WASHINGTON, DC - JANUARY 19:  Politcal Activist Angela Davis speaks onstage at the Busboys and Poets' Peace Ball: Voices of Hope and Resistance at National Museum Of African American History & Culture on January 19, 2017 in Washington, DC.  (Photo by Mike Coppola/Getty Images for Busboys and Poets)
WASHINGTON, DC - SEPTEMBER 24:   Oprah Winfrey, and Will Smith speak at the opening ceremony of the Smithsonian National Museum of African American History and Culture on September 24, 2016 in Washington, DC. The museum is opening thirteen years after Congress and President George W. Bush authorized its construction.   (Photo by Olivier Douliery-Pool/Getty Images)
Lucille Simpson, Gwendolyn Norman
Visitors have their ticket scanned as they wait in line outside the Smithsonian National Museum of African American History and Cultural on the National Mall in Washington, Monday, May 1, 2017. The hottest ticket in Washington right now is for the new museum, where thousands of tickets are snapped up each month within minutes of being released, a full seven months after the museum opened. (AP Photo/Pablo Martinez Monsivais)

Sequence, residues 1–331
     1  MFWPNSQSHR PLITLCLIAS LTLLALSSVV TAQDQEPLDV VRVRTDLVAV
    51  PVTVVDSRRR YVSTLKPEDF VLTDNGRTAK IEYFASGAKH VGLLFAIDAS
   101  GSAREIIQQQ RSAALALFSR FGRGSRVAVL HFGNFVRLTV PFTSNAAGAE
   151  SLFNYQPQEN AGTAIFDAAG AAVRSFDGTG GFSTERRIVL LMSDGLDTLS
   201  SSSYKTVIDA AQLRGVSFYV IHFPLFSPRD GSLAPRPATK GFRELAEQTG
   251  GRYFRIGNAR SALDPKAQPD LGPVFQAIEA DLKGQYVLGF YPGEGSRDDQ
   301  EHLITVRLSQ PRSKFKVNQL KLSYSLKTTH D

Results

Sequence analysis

A school group waits in line to enter Smithsonian National Museum of African American History and Cultural on the National Mall in Washington, Monday, May 1, 2017. The hottest ticket in Washington right now is for the new museum, where thousands of tickets are snapped up each month within minutes of being released, a full seven months after the museum opened. (AP Photo/Pablo Martinez Monsivais)

For Doris Smiley, a visitor from Michigan, an exhibit that centers Emmett Till’s casket was especially emotional. Till was brutally lynched when he was just 14 years old in 1955 Mississippi. His death was a galvanizing point in the growing civil rights movement.

“I was a little girl when that happened, so I remember that,” she said.

Exhibits surrounding moments in ’60s also touched her.

“We were coming of age at that time and we lived that,” said Smiley, who had gotten her ticket through a tour group.

The museum had “history that needs to be shared,” Smiley said, and although she enjoyed her time going through some exhibits, it was not enough. She said she would definitely return.

From historic artifacts to personal stories and cultural items, the museum has become a must-visit D.C. location.

“To walk the history of my people was just beautiful; it was wonderful,” Davis said. “And to know that I’m here, that they were able to endure all of this pain, and I was able to make it, and if they hadn’t been strong people, I would not have been here today.”